On Saturday morning December 3, Vice Provost for Internatioinal Affairs and Globaal Strategies Dr. Reitu Mabokela opened a gathering in the Siebel Center for Design by observing that “this competition embodies our university’s global strategy, called Vision 2030.” She was speaking at the award ceremony of the second annual Sustainability Competition for Undergraduates, called “Reimagine our Future.” Vice Provost Mabokela was clearly excited about the competition potentially serving as a bridge to “universities in the Global South” as we “work together to produce sustainable and innovative solutions.”
The eight-week long competition attracted 180 students from across campus, as well as 25 students from the University of Pretoria (South Africa) and 38 students from Zhejiang University (China). The competition challenged students to generate actionable ideas that promote one or more of the United Nations’ Sustainable Development Goals (SDGs). Competitors had to communicate their ideas in no more than a 1000-word high-impact fact sheet. The entries covered a wide spectrum, including engineering, chemistry, marine and land ecosystems, health sciences, food sciences, education, economics, earth sciences, and art and design.
The winners this year were a team comprised of Aman Mehta and Arya Haria (both from Mechanical Science and Engineering) and Ishita Purwar (Physics). The team showcased how lithium could be extracted from geothermal brines, thus reducing extraction of virgin lithium used in products such as batteries, generating clean energy and conserving water resources. They won $2000 for their innovative ideas. Their faculty advisors were Professors Lili Cai (Mechanical Science and Engineering) and Dr. John R. Abelson (Materials Science and Engineering); they were assisted by Dr. Arpit Dwivedi (Cache Energy).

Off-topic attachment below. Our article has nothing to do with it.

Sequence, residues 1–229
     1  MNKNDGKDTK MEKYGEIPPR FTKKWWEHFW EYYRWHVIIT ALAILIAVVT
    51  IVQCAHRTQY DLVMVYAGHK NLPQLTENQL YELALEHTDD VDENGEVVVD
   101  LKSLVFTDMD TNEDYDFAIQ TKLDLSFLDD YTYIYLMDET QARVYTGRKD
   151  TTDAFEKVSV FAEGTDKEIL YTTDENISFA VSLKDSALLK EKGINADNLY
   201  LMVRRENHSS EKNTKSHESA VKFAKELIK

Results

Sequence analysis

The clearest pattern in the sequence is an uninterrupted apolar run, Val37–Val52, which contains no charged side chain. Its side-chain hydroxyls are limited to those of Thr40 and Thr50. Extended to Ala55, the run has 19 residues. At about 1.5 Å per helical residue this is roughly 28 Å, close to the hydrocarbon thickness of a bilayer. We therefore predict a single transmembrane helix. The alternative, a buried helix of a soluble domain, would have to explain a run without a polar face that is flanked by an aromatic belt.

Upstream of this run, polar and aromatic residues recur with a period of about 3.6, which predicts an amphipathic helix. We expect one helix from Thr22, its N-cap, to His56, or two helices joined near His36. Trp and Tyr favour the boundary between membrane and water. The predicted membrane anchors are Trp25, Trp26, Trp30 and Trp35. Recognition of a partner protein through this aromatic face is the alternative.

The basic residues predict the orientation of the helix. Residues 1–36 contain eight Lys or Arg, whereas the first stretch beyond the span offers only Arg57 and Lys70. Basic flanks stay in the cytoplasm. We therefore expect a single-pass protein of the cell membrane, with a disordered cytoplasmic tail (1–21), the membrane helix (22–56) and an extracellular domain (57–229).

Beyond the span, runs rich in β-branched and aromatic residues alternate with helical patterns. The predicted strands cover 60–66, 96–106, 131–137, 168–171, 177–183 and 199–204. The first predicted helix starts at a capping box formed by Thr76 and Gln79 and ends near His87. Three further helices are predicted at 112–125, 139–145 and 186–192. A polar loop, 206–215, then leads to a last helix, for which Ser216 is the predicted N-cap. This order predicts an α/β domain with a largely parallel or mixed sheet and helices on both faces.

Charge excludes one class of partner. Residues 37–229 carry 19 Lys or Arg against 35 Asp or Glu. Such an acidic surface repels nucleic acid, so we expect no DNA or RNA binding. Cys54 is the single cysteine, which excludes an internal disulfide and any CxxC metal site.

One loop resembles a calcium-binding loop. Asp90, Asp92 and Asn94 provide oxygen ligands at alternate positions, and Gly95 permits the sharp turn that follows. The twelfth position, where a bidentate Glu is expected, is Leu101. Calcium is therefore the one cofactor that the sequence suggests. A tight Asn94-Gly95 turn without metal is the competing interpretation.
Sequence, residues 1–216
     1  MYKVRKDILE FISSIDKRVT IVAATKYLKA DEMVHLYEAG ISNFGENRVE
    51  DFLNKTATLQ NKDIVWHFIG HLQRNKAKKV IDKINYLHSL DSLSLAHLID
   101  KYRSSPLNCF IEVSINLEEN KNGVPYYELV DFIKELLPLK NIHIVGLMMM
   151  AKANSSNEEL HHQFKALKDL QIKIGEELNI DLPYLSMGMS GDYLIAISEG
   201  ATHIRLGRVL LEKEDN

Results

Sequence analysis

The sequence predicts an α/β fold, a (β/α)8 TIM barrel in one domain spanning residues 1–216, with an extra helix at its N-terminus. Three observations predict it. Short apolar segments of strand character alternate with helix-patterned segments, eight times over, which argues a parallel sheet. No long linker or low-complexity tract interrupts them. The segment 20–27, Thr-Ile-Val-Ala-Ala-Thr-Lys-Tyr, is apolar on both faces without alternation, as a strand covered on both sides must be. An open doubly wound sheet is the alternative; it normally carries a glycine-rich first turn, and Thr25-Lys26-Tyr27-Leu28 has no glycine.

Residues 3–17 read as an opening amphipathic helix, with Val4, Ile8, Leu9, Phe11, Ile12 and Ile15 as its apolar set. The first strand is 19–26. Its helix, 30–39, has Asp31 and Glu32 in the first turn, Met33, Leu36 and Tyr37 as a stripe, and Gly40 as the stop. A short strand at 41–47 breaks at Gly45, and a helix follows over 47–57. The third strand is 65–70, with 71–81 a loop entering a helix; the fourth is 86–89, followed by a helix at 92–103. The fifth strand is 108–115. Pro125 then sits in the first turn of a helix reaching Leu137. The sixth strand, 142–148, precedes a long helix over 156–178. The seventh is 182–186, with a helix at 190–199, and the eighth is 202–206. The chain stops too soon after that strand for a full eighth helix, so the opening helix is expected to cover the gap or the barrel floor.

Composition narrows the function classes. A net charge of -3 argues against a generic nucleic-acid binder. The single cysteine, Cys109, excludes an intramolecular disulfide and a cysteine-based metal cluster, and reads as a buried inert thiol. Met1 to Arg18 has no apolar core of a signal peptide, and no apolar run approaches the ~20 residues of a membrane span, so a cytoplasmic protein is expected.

“The nine finalist judges from academia and industry were unanimous in their decision,” says competition co-founder Professor Leon Liebenberg (Mechanical Science and Engineering). “The judges were especially impressed by the winning team’s holistic problem-solving approach and their superb research. The judges believed that this concept has tremendous potential to help pave the way to a more sustainable future.”
In her reflection, Ishita mentioned that “this competition was a challenge for us to overcome the barrier between knowledge and application. We learnt to brainstorm ideas and think about the interdependence between the economic and environmental aspects of sustainability. This competition helped me to grow and left me in awe of the other contestants”. Arya agreed and Aman added that “the competition made me understand the urgency with which we need to act toward climate change and the number of challenges we need to overcome before we truly reach net zero, and for that, we collectively need to reimagine our future.”
Two second prizes of $1000 each were awarded. Etienne Sirois (Landscape Architecture) won one such award for his novel ideas about marketing native plants in communities across the USA. Etienne was upbeat after his thought-provoking presentation. He remarked that “the competition has allowed me to learn more about an important area of research and to fully explore problem-solving. The competition has also provided an excellent opportunity to connect and learn from professionals with many years of experience in their respective fields.”